Bangladesh is critically vulnerable to earthquakes for its geological position as it forms the northeast part of active Indian subcontinent [21, 22]. The Indian plate collides with the Eurasian plate and underthrusts the Myanmar plate as well. These events symbolize the tectonic framework of this region [23, 24]. For the past 40 million years the Indian part subcontinent has been pushing northward against the Eurasian plate at an estimated rate of 5 cm/year, giving rise to the severe earthquakes and most diverse landforms known [25, 26].

*b*-value and estimate the probability of recurrence and return period of earthquakes for the Sylhet region.

## 3 Catalogue completion and magnitude conversion

Bangladesh has no record of historical earthquake data of its own. Though one analog seismograph was installed in 1954 in Chittagong but no data is available in the public domain [41]. There are thirty-four strong motion accelerographs (SMA) installed in the different location of Bangladesh in 2006 but these accelerometers cannot record small earthquakes. To make an effective decision, a complete earthquake dataset of both big and small earthquakes is necessary [41]. Here, the study has been carried out using the earthquake catalogue from USGS [42]. To obtain a better result for the period of 1918–2018 (up to April 2018) for *M*_{w} ≥ 3, a total number of 184 events recorded in USGS catalogue within the area about 370 km of Sylhet region have been used in this study. In their research, Ahmed et al. [4] considered the study zone with a distance range of 300 km. Conferring to their statement, this range is largely suitable for examining seismic hazards, though the occurrence of events is less in number. The authors [4] further stated that the damaging impact of the earthquakes beyond this range are not significant, because the medium and distance diverges from the source to site, even if the magnitude is large.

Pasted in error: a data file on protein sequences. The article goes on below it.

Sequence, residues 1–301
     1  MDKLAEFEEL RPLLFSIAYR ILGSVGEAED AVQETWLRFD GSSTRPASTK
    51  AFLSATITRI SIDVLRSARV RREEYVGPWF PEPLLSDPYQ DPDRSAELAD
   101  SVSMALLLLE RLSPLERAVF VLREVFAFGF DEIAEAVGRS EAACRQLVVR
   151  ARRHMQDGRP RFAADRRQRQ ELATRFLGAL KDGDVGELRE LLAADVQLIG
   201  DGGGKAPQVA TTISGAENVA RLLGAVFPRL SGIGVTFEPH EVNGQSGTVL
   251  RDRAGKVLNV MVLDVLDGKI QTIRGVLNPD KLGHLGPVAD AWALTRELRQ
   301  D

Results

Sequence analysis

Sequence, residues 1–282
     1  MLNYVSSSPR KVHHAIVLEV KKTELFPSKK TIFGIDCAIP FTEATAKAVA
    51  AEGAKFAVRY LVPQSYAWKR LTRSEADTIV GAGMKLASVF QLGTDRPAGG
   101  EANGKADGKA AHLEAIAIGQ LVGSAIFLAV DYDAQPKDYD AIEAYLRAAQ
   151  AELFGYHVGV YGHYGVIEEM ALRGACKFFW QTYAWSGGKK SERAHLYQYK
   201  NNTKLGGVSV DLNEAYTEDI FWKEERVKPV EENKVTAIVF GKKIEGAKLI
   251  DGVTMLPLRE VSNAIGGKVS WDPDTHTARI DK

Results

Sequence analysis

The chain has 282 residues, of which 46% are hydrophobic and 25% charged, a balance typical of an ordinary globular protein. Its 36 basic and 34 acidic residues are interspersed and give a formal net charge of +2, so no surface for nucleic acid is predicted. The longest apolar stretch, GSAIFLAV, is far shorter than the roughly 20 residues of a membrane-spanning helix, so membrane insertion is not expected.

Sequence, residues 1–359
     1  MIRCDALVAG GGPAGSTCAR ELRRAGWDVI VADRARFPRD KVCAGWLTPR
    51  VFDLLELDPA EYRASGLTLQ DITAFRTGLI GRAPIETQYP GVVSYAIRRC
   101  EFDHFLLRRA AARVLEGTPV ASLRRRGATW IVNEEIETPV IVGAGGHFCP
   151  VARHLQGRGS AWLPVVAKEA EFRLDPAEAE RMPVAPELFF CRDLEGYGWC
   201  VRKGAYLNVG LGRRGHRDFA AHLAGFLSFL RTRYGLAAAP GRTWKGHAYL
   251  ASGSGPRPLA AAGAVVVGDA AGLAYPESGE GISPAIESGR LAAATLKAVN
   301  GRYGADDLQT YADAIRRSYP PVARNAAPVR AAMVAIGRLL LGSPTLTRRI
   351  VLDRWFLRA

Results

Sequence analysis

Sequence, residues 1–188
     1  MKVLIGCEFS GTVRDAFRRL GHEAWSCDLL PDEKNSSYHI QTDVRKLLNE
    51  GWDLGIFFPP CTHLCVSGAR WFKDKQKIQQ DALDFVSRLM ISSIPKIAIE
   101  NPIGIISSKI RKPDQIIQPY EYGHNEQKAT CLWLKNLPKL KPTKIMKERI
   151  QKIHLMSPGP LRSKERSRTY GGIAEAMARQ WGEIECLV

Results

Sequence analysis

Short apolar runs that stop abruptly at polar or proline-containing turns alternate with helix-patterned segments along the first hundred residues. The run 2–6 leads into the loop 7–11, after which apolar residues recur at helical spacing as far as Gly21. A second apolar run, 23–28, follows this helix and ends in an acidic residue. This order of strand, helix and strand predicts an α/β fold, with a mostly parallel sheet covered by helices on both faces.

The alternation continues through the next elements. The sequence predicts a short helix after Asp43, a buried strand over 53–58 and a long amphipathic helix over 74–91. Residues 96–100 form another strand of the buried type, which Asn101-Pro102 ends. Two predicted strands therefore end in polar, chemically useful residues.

^{2}. In order to understand the pattern of earthquake occurrence, a seismicity map of Sylhet region has been prepared as shown in Fig. 2.

*M*

_{b}= body magnitude,

*M*

_{w}= moment magnitude.

*M*

_{w}) being plotted as same as it was in the catalogue, putting a high priority on them (

*M*

_{w}). Next, the body magnitudes (

*M*

_{b}) were converted into the moment magnitudes (

*M*

_{w}) as well. However, surface magnitude conversion was not done because of the unavailability of sufficient data.

## 4 Calculation and results

### 4.1 The calculation of *b*-value

Two approaches, Guttenberg and Richter frequency magnitude relationship and Gumbel’s annual extreme values method were used, to compute the *b*-value for Sylhet region.